The city of Houston was at a standstill as I-45 north of downtown became a river after tropical storm Allison dumped 28 inches of rain in 24 hours. The storm prompted Texas Gov. Rick Perry to declare a state of emergency in Harris and 28 other southeast Texas counties. (Richard Carson/Reuters)

Texas is frantically preparing for what in all likelihood will be the most devastating storm in over a decade. Forecasters are saying soon-to-be Hurricane Harvey will be a slow-motion disaster — reaching the coast as a major hurricane on Friday and lingering over the same location through the weekend.

Residents of Southeast Texas — not just those along the coast — should be preparing and stocking up on food, water and other essentials. This hurricane’s biggest threat looks likely to be extreme rainfall and flooding, which will occur well away from the coast.

According to the National Weather Service, 59 percent of all tropical cyclone-related deaths in the United States since 1970 have been caused by freshwater flooding, whereas only 12 percent can be attributed to wind. If nothing else, this illustrates the urgency with which residents must heed all forecasts and evacuation orders.

We can look back on previous storms for an idea of what eastern Texas may be forced to endure in the coming days, but there’s one that stands out in Texas weather history: Tropical Storm Allison.

Allison was never a hurricane, it was “just” a tropical storm with a lot of water trapped inside. As it neared the Texas/Louisiana coastline on June 5-6, 2001, nearly 10 inches of rain fell in five hours across southwest Louisiana, alerting forecasters to potential trouble when the system struck Houston.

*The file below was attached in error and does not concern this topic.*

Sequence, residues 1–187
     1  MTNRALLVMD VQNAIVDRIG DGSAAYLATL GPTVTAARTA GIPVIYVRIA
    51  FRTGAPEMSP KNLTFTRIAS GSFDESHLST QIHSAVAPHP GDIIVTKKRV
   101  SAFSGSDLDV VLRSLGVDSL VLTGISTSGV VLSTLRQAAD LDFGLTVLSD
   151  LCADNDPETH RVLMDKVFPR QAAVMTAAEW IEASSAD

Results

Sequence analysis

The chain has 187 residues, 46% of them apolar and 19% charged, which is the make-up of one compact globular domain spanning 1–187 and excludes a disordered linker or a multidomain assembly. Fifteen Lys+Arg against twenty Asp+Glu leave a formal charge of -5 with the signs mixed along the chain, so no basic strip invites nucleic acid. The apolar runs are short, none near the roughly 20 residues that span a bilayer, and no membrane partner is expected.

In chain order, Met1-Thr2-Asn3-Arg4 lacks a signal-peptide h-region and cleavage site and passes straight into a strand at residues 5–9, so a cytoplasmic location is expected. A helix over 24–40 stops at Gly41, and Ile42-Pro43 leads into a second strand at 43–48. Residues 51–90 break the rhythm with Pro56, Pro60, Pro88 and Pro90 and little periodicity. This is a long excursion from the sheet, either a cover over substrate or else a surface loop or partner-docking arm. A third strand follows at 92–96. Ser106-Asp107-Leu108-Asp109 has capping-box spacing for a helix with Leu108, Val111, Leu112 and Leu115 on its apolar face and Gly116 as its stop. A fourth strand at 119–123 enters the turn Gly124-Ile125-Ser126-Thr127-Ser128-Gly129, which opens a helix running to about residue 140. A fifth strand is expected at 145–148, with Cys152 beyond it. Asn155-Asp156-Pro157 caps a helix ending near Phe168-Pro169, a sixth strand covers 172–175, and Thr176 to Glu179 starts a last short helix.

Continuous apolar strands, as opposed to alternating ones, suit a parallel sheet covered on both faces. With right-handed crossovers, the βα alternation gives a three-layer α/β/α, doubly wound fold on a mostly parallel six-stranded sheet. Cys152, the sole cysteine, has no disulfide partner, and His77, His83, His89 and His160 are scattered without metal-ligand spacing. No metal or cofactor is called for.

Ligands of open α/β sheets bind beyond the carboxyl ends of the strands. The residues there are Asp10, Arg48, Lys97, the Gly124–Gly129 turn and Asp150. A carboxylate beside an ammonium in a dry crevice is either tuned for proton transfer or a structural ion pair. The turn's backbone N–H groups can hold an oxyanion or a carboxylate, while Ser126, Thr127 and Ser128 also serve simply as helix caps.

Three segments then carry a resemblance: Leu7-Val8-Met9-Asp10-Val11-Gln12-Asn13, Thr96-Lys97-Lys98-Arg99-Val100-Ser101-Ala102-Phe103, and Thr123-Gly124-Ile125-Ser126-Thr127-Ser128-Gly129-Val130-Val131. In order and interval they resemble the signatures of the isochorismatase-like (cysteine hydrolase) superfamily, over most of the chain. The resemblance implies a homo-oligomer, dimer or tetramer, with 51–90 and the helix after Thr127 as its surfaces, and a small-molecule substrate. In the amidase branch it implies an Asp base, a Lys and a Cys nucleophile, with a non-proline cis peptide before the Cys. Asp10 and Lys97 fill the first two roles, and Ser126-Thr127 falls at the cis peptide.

Clear skies and moisture streaming inland from the Gulf set the stage for significant flash flooding on June 8-9, and widespread thunderstorms dropped over a foot of rain by sunrise on June 10.

Unfortunately, the majority of Allison’s rain fell over the populous Houston metro area. According to the National Weather Service’s post-storm Service Assessment, “two-thirds of Harris County (Houston) received over 10 inches of rain.” Isolated spots in northeastern Houston racked up more than 20 inches of rain.

More than 45,000 homes and 70,000 vehicles fell victim to the floods, while inundations in the Texas Medical Center led to the loss of decades’ worth of medical research.

Meanwhile, the 22 deaths that resulted from the deluge offer some insight as to what not to do during a flood situation. Nearly half of all the deaths occurred in automobiles. If you cannot see the road beneath floodwaters, then turn around. Just a few inches of rapidly-moving water can sweep your vehicle off the road, and oftentimes the water may be deeper than one would think.

Several deaths were also caused by electrocution. For the same reason we wouldn’t use a toaster while taking a bath, avoid entering floodwaters at all costs. Oftentimes, utility poles and live wires may be submerged — acting as giant toasters in a neighborhood-sized bathtub.

Allison’s winds never exceeded 70 miles per hour, but the $10 billion in damage and biblical flooding prove that a storm doesn’t have to be a hurricane to be a catastrophe.